|Drug squad officer Ned Maodus seen earlier in his trial. (Craig Robertson/QMI Agency files)
TORONTO -- Toronto drug squad officers facing the prospect jail time for their crimes are "marked men" inside prison, a lawyer told Superior Court Wednesday.
"Their faces are well known on TV, in newspapers and on the Internet ... It wouldn't surprise me if their faces are being circulated in prison as we speak," defence lawyer Earl Levy told Justice Gladys Pardu during a sentencing hearing.
Levy represents Raymond Pollard, one of the five elite Central Field Command officers convicted earlier this year of attempting to obstruct justice.
Pollard, his boss John Schertzer, Joseph Miched, Steve Correia and Ned Maodus conducted an illegal search of a Toronto heroin dealer's apartment in February 1998.
They searched the unit without a warrant and then lied to cover it up, the jury found. Three officers were also convicted of perjury.
The Crown is seeking a four-year prison sentence for Schertzer and three-year terms for each of the other four Toronto cops.
Lawyers for the officers have argued that their clients should receive suspended sentences. They insisted the former officers -- only Correia remains on active duty -- have suffered enough with abundant publicity portraying them as "rogue police cowboys" and "dirty cops."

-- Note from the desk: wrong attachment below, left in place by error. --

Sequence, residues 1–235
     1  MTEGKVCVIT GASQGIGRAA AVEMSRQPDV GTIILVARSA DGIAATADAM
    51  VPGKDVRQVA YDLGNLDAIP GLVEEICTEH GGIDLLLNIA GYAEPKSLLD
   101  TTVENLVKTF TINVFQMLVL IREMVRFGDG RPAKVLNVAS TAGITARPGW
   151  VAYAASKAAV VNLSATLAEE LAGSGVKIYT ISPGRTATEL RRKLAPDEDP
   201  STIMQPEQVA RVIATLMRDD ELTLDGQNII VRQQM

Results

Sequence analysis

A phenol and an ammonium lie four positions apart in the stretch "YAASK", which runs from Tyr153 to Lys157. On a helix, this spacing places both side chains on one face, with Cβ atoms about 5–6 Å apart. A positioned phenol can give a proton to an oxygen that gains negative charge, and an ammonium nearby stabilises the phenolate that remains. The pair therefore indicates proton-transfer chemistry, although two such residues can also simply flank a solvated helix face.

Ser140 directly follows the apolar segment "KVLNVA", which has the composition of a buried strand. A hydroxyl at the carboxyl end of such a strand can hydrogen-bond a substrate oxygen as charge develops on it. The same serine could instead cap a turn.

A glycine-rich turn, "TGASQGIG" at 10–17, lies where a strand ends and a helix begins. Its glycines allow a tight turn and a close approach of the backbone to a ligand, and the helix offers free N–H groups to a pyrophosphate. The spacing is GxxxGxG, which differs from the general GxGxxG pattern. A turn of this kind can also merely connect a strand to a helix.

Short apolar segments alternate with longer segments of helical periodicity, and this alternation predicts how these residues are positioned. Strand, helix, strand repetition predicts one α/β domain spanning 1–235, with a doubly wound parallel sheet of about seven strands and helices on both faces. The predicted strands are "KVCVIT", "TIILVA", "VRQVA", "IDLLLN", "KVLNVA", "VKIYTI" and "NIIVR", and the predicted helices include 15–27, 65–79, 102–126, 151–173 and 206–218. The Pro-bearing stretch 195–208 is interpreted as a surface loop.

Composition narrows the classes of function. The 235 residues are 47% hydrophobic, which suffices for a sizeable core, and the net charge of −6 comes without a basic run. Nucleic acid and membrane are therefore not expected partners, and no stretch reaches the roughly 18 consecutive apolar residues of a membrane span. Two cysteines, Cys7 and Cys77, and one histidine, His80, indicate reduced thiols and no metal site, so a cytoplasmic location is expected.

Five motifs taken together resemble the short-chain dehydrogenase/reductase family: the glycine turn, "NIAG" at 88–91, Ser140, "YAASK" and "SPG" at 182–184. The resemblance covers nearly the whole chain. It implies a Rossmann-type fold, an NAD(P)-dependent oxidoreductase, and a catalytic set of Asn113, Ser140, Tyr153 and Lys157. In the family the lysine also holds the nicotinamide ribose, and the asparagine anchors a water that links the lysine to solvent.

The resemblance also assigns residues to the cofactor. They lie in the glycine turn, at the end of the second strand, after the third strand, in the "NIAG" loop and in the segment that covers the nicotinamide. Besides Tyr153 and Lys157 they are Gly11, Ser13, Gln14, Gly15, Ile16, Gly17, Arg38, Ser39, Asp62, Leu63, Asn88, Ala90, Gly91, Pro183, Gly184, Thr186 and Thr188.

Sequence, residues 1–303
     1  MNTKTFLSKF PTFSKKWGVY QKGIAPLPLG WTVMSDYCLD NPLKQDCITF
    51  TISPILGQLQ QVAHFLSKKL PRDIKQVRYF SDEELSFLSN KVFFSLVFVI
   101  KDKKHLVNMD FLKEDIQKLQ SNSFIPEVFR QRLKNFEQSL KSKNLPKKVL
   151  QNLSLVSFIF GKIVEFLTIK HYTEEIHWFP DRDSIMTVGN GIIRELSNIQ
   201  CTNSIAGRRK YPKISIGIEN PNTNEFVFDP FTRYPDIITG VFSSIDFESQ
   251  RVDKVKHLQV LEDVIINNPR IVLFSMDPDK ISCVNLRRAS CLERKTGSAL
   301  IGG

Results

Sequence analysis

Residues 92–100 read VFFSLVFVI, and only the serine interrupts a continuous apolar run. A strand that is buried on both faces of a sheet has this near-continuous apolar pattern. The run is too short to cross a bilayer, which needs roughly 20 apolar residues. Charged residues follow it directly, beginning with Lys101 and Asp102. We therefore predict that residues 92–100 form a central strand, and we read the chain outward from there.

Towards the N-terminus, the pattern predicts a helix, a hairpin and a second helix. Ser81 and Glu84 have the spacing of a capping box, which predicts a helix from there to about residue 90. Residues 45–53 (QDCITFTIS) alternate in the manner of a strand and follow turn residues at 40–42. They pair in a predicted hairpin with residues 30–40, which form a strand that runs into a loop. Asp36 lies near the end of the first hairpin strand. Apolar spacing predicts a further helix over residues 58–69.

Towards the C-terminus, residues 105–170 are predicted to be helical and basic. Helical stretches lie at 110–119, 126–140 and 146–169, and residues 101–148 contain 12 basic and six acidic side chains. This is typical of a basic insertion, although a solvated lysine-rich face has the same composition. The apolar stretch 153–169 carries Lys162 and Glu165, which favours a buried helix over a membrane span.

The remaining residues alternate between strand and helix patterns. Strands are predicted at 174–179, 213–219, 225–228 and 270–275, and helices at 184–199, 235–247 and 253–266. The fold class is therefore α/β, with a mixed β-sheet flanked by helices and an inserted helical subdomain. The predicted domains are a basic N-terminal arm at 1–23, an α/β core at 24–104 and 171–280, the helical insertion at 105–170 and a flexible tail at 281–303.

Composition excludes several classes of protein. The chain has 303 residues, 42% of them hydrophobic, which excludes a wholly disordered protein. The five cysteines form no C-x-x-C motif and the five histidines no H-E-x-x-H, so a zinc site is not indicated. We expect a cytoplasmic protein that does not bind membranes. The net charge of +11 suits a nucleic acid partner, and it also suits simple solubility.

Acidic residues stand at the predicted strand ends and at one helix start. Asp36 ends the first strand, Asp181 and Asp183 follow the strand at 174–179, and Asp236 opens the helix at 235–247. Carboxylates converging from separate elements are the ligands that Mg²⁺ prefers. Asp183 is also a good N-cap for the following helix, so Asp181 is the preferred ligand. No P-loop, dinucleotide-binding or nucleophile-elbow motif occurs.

"This is not a rogue squad, but they fight that stigma every day," Levy said.
All of the officers -- including Maodus, who accumulated three unrelated convictions while awaiting trial -- will be treated as first offenders, court heard.
Maodus, 49, is now receiving a disability pension after being diagnosed with post-traumatic stress disorder from injuries suffered as a police officer.
He resigned from the service in 2008 after 19 years on the job.
Miched, who had an unblemished record as an officer, was in line for a promotion when the investigation overtook his life, his lawyer Peter Brauti said.
He was demoted from a position he loved as an investigator to a paper-pushing post at the Collision Reporting Centre in 2000, Brauti said. He toiled there until he retired after 25 years on the job in October 2003.
Miched, who is now working as a car salesman, could lose his job if he receives anything more than a suspended sentence, his lawyer said.
The hearing resumes Thursday.